Brandon Paul came to Illinois as a shooting guard. Mr. Basketball in the state of Illinois his senior year at Warren High School, much was expected of him. While he is not a natural point guard, he is the closest thing the Illini have to a replacement for senior Demetri McCamey.
Thus, Paul has been playing both guard spots this season. He has a long way to go at the point, but he is beginning to feel comfortable there.
"I'm enjoying it a lot. I realize if I want to be at the next level basketball-wise, I'm gonna have to play a point guard too. I'll definitely keep working on my skills since I played shooting guard my whole life.
"Getting the ball to the seniors is definitely something that's helped. I also try to get D.J.'s shot going because he's such a great shooter for us."
Paul assisted on five buckets against Penn State at home, giving Illini fans hope he was fitting into the role. It was a unique situation for him that game, but it did allow him to feel good about himself.
"We shared the ball a lot against Penn State. That's definitely a thing I need to improve on, getting my teammates open shots and getting them the ball when they need it."
As a two-guard, Paul looks to score. If he's open, he pops threes. If not, he drives to the hoop. But as a point guard, he must put his teammates ahead of himself. It is an opposite perspective that can be difficult to learn. Illini coach Bruce Weber was asked if Paul is adapting.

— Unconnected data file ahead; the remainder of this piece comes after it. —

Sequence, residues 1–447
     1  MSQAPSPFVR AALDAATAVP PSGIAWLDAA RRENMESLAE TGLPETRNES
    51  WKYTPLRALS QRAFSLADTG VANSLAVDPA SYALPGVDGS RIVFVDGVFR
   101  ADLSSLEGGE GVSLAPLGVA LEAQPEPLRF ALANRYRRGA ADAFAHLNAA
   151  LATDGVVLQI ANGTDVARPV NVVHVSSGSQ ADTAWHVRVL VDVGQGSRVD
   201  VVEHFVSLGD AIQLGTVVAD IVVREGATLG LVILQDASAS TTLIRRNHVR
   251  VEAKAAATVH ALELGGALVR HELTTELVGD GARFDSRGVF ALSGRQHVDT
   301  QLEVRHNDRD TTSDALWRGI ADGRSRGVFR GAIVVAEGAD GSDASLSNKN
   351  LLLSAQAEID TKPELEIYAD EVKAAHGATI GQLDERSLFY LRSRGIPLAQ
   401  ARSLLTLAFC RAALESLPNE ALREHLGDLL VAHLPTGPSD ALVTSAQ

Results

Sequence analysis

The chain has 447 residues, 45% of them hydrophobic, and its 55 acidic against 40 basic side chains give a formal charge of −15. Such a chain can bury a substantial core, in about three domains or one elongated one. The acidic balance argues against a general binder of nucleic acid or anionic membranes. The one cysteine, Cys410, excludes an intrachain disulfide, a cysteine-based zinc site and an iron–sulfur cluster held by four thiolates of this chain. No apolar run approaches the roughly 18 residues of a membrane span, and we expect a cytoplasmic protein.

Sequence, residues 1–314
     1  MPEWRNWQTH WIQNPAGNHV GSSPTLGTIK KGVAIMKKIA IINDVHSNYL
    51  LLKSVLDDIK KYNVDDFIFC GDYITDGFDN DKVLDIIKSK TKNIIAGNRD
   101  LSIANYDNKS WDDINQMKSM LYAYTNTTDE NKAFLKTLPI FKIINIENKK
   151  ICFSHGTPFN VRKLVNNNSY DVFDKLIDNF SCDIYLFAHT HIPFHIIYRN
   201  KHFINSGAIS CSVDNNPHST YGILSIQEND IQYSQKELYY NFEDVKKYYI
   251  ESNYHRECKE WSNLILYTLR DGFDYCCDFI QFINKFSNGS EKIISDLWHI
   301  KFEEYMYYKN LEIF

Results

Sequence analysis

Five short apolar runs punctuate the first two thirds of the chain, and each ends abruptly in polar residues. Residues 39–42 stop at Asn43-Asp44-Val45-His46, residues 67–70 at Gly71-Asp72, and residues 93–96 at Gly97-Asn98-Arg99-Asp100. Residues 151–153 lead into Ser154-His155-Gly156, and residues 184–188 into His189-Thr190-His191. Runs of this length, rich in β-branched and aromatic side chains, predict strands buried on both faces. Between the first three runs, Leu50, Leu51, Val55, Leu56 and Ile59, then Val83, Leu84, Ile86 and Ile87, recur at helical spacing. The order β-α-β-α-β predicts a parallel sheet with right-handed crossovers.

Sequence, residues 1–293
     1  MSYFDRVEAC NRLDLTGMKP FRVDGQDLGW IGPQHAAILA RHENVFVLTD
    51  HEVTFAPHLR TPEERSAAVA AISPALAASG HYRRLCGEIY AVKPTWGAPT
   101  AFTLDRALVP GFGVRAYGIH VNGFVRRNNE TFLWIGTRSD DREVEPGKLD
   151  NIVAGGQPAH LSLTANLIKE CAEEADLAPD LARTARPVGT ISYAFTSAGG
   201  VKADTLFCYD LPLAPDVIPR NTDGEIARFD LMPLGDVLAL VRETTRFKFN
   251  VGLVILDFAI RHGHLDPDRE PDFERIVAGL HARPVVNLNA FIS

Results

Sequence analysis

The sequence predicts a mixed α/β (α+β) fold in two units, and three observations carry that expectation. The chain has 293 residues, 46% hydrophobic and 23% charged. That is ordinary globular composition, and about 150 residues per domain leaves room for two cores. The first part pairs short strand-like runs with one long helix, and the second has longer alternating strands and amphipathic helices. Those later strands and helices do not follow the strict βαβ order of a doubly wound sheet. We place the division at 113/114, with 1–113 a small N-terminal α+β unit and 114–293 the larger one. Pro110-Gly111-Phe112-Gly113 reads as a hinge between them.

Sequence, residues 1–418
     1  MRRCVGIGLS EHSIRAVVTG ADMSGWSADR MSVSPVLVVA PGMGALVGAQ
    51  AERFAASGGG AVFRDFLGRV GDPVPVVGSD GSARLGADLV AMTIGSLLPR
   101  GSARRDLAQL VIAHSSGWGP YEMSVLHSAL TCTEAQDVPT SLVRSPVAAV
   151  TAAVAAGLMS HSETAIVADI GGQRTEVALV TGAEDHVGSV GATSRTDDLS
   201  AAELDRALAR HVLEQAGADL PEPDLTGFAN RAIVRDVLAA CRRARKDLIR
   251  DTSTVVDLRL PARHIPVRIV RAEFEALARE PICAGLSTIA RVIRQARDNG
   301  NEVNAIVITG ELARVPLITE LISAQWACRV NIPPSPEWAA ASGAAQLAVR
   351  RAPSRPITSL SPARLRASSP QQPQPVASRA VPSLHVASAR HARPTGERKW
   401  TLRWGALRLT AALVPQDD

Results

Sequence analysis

"I hope so. When you're a point guard, you have to realize you're getting the team into the offense. The shot is the thing you don't look for. It's the second or third option. Making the right pass, getting people into the offense. We've talked with him about it. It's a whole different mindset.
"Now, when you're in with Demetri at the two or three, we want him to be active and cut to get quick shots, get to the basket, also get to the boards. He can get us an offensive put-back more often than not, get a run-out, things like that. It's a different mindset when he goes from one position to the next."
Penn State wasn't defending the ball screen properly, allowing Paul to make open passes to Mike Davis and others for short shots and dunks. Weber was asked if his success in that game was unique or if he really is beginning to visualize the dynamics of the game better.
"I think a little bit of both. We found a few things that worked, and we executed them. Again, it's a mindset that I'm not coming off ball screens for my shot, I'm coming off ball screens to get it to other people.
"We've talked about that and tried to pound it in on film. Now with him, with Demetri, with everybody, when you make a cut it might be to set up someone else. You've got to be very selfless when you're making cuts or driving to the basket. A lot of times it's to set other people up."
Two years ago, Chester Frazier became the team's MVP with his hard-nosed play at the point. He specialized in penetrating and dishing to Mike Tisdale and Davis for short jumpers. Finesse players like these two need help from an aggressive point guard, something Paul is striving to learn.
"You want to look for your own shot, but the first thing is to get the defense to collapse toward you so you can get other people shots."
Playing two positions with different responsibilities can take a toll on a player, making him less efficient at both spots. For instance, a point guard is often the one who must stay back to prevent a fast break by the opponent, while the two-guard often helps with rebounding. Paul wants to improve that part of his game also.
"Yeah, that's something I've kind of shied away from this year. I need to get back to offensive and defensive rebounding. I feel that will help my team out."
Paul is likely thinking too much at times, but he needs to play point when McCamey rests. And next year, he and entering freshmen Tracy Abrams will be expected to share the point guard position. With experience this year, it is hoped Paul will be ready to step into the job full-time next year.